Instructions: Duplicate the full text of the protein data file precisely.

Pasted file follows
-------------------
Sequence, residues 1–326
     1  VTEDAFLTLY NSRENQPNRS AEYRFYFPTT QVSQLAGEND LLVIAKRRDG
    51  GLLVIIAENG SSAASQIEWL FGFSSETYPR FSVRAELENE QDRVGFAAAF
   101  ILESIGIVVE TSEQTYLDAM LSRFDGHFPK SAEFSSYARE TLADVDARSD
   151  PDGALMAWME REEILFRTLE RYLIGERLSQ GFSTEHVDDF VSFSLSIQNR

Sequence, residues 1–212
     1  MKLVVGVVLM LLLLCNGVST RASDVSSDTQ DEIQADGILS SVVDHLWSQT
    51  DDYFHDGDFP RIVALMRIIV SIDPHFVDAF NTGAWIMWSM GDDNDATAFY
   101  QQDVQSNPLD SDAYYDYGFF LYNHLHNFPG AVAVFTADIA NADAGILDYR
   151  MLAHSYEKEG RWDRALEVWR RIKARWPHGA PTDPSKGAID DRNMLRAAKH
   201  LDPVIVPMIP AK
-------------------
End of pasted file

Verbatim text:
Sequence, residues 1–326
     1  VTEDAFLTLY NSRENQPNRS AEYRFYFPTT QVSQLAGEND LLVIAKRRDG
    51  GLLVIIAENG SSAASQIEWL FGFSSETYPR FSVRAELENE QDRVGFAAAF
   101  ILESIGIVVE TSEQTYLDAM LSRFDGHFPK SAEFSSYARE TLADVDARSD
   151  PDGALMAWME REEILFRTLE RYLIGERLSQ GFSTEHVDDF VSFSLSIQNR

Sequence, residues 1–212
     1  MKLVVGVVLM LLLLCNGVST RASDVSSDTQ DEIQADGILS SVVDHLWSQT
    51  DDYFHDGDFP RIVALMRIIV SIDPHFVDAF NTGAWIMWSM GDDNDATAFY
   101  QQDVQSNPLD SDAYYDYGFF LYNHLHNFPG AVAVFTADIA NADAGILDYR
   151  MLAHSYEKEG RWDRALEVWR RIKARWPHGA PTDPSKGAID DRNMLRAAKH
   201  LDPVIVPMIP AK